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Mutation Breeding of Rice Increases Food Security across Asia

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The International Symposium on Plant Mutation Breeding and Biotechnology is taking place at the IAEA headquarters in Vienna, Austria, from 27 to 31 August 2018. (Photo: F. Nassif/IAEA)

The use of radiation in improving crop varieties offers an effective means of adapting agricultural crops to changing weather conditions, while also increasing yields to feed a growing population, agreed speakers at a session at the International Symposium on Plant Mutation Breeding and Biotechnology yesterday.

Rice is the staple crop in many countries, particularly in Asia, but yields of traditional varieties have fallen in recent years due to changing weather patterns, including higher temperatures, severe droughts, floods, salinity and diseases, coupled with more erratic rainfall.

Irradiation induces changes in the DNA and speeds up the natural process of mutation in plants, increasing the diversity in crop varieties available to farmers. These new varieties possess favourable traits – some including stronger climate resilience and higher yields.

Speakers from several countries shared success stories on the contribution and impact of mutant varieties developed through irradiation on agricultural productivity and therefore food security.

Vietnam: Producing crop diversity

Through mutation breeding, Vietnam’s Institute of Agriculture and Genetics has over the last three decades introduced 46 new varieties of rice suited to the different production areas of the country.

Supported by the IAEA and the Food and Agriculture Organization of the United Nations (FAO), Vietnamese rice farmers have witnessed an increase in rice yields, shorter growth duration for rice crops, as well as increased resistance to erratic weather conditions. For example, over 3 million farmers have benefitted from the adoption of the DT-10 rice mutant variety, which has a 40% higher yield than traditional varieties.

Mutation breeding has had many advantages for Vietnam, said Ham Le Huy of the Institute of Agriculture and Genetics. “Vietnam used to be very poor and therefore had little funding to work with, as well as low technical capacities,” he said. “Mutation breeding is therefore very relevant to developing countries in order to increase agricultural production.”

Bangladesh: Rice variety in drought

Similarly, rice is a staple in Bangladeshi cuisine and meals are not considered complete without it. However, “the population of Bangladesh is increasing and the land is decreasing,” said Mirza Mofazzal Islam from the Bangladesh Institute of Nuclear Agriculture, highlighting the need for increased yields in conjunction with improved sustainability of agricultural practices.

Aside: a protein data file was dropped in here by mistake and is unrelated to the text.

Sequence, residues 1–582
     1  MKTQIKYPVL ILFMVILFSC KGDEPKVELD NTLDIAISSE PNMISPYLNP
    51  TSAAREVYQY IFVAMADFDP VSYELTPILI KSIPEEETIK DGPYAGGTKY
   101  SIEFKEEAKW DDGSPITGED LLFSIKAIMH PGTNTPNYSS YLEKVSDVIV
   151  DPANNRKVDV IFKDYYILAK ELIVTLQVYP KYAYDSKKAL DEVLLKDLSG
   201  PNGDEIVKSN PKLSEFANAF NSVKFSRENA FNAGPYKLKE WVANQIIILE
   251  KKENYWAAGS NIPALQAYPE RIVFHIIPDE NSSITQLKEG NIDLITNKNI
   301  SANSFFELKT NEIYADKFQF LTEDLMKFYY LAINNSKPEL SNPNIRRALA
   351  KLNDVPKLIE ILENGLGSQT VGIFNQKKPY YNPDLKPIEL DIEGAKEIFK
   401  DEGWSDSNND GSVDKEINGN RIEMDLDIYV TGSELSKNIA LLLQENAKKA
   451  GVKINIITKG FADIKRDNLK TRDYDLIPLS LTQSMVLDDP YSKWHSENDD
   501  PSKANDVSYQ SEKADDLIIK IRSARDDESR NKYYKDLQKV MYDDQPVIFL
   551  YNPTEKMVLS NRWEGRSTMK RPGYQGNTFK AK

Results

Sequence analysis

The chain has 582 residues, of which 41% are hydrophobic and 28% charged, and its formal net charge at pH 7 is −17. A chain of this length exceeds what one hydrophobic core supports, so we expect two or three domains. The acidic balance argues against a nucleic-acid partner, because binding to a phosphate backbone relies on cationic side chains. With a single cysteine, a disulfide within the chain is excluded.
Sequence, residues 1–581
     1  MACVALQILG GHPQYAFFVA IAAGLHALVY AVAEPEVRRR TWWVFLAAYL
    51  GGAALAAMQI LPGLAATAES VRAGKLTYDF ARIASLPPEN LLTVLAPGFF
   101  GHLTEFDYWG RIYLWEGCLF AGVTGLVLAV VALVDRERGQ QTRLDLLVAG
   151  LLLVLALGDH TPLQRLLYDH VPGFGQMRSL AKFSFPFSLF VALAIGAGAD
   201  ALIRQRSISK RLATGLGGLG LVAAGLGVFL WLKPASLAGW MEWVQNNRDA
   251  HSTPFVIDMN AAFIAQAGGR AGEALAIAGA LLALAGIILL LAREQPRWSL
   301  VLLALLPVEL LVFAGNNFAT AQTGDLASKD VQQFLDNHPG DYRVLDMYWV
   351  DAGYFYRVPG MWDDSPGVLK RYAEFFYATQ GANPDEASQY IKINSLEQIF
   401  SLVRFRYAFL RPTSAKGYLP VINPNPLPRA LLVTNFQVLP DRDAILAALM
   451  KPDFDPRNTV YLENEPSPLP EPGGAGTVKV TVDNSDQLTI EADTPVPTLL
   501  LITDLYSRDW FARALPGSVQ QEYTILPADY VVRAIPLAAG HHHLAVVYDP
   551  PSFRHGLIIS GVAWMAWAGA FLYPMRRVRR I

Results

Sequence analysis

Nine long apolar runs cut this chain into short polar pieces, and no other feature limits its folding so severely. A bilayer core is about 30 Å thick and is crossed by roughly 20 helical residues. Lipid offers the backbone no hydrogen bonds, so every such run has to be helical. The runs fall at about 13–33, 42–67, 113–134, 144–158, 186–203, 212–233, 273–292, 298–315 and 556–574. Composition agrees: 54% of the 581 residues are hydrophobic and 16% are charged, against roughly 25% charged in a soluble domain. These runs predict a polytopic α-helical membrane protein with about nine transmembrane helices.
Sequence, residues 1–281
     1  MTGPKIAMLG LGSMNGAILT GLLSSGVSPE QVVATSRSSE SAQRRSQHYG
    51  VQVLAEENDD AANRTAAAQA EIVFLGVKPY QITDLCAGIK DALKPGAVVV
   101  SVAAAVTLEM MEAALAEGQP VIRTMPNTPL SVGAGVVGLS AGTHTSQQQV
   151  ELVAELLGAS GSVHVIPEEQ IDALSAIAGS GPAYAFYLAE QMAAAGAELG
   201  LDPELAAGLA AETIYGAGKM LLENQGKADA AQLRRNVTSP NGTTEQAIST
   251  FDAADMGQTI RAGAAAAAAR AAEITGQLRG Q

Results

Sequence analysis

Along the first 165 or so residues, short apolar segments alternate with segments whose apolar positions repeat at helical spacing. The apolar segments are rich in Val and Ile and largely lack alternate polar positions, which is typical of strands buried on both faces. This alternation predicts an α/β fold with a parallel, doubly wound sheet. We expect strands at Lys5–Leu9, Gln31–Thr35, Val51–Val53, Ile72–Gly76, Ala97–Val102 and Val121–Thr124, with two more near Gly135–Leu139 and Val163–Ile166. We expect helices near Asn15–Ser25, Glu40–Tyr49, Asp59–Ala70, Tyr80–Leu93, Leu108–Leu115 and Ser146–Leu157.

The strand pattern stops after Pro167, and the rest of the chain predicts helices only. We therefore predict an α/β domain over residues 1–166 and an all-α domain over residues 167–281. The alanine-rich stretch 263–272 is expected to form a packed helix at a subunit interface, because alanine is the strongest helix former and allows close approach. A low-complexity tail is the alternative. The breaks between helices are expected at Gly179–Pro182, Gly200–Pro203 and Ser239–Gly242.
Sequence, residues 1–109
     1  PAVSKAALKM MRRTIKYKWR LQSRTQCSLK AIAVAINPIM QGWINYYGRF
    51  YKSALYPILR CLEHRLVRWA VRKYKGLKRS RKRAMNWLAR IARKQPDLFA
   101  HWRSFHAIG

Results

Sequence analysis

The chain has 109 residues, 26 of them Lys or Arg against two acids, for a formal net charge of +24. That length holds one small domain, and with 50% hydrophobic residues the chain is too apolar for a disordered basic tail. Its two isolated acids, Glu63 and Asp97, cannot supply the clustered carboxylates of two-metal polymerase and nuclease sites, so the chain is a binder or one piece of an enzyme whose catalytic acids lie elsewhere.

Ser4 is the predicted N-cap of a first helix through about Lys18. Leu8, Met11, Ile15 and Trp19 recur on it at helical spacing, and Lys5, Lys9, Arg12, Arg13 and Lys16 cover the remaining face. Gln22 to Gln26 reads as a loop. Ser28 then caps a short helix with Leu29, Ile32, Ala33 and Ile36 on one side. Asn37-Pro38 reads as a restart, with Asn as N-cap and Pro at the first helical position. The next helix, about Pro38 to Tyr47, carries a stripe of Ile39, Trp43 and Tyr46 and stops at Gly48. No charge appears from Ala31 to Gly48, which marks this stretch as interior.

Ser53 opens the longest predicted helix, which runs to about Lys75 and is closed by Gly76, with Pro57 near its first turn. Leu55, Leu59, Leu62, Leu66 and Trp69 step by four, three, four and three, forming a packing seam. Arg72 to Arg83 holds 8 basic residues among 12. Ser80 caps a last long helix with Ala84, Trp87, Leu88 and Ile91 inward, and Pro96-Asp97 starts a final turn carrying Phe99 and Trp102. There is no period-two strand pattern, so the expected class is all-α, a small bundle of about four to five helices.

Additionally, droughts have become one of the greatest challenges to agricultural productivity in Bangladesh. Most of the damage occurs between March and June, the hottest months of the year, Mofazzal Islam said.

In response, plant breeders from the Institute developed improved mutant rice lines, which can be cultivated in dry conditions. As the starting point, they took a rice variety called New Rice for Africa (NERICA), developed in West Africa, treated it with radiation and tested the different mutant lines for their growth duration, plant height and adaptability to Bangladesh’s climate. Two out of the six mutant lines have been selected for early maturity, higher yield and adaptability, and will soon be released for commercial cultivation.

India: Increasing high value crops of rice

India is the world’s largest exporter of rice, but its farmers face major agricultural constraints in rice production, said Vikash Kumar of the Bhabha Atomic Research Centre. These include salinity, consequences of climate change, including the resurgence of diseases, and the underutilization of the range of rice varieties found in India.

There is a need also for improving quality and satisfying demand for different types of rice across the country, while increasing farmers’ income, he said.

This has led experts to produce a wide range of rice varieties, including the variety CSR-30, developed in the early 2000s, which has improved salt tolerance and is therefore best suited for coastal regions.

On top of using their gamma irradiator, researchers at Bhabha Atomic Research Centre are considering using electron beam and ion beam technologies, in order to produce further mutant rice varieties.

Participants at the International Symposium on Plant Mutation Breeding and Biotechnology which is taking place at the IAEA headquarters in Vienna, Austria, from 27 to 31 August 2018. (Photo: F. Nassif/IAEA)

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